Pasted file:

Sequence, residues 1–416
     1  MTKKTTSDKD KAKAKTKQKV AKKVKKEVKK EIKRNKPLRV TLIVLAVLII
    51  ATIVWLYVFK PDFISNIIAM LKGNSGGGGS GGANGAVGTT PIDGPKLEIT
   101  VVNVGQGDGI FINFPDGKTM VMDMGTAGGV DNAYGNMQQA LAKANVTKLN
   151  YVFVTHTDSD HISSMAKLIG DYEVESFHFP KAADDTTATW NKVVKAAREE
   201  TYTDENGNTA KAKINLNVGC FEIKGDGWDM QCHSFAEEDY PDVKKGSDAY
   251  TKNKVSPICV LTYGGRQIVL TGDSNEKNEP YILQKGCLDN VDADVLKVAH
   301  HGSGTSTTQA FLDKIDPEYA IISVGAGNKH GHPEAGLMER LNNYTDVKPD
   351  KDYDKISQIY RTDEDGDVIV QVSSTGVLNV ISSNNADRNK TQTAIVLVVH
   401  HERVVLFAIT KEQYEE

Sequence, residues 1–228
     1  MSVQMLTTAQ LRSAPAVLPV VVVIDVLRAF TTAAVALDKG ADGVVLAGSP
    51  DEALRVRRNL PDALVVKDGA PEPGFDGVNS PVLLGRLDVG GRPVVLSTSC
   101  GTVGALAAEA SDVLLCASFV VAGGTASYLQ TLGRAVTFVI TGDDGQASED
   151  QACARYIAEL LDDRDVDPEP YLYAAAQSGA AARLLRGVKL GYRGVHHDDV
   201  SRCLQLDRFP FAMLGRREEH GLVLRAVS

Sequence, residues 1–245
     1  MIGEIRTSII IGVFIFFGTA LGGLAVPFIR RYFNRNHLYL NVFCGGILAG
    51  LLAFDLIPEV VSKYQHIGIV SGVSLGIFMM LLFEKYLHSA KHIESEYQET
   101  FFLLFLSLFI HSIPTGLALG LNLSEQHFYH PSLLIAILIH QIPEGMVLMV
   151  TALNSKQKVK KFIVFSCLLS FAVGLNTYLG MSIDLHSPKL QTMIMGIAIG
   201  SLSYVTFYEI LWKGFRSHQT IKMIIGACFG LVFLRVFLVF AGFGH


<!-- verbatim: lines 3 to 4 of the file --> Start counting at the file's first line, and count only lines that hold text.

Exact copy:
    51  ATIVWLYVFK PDFISNIIAM LKGNSGGGGS GGANGAVGTT PIDGPKLEIT
   101  VVNVGQGDGI FINFPDGKTM VMDMGTAGGV DNAYGNMQQA LAKANVTKLN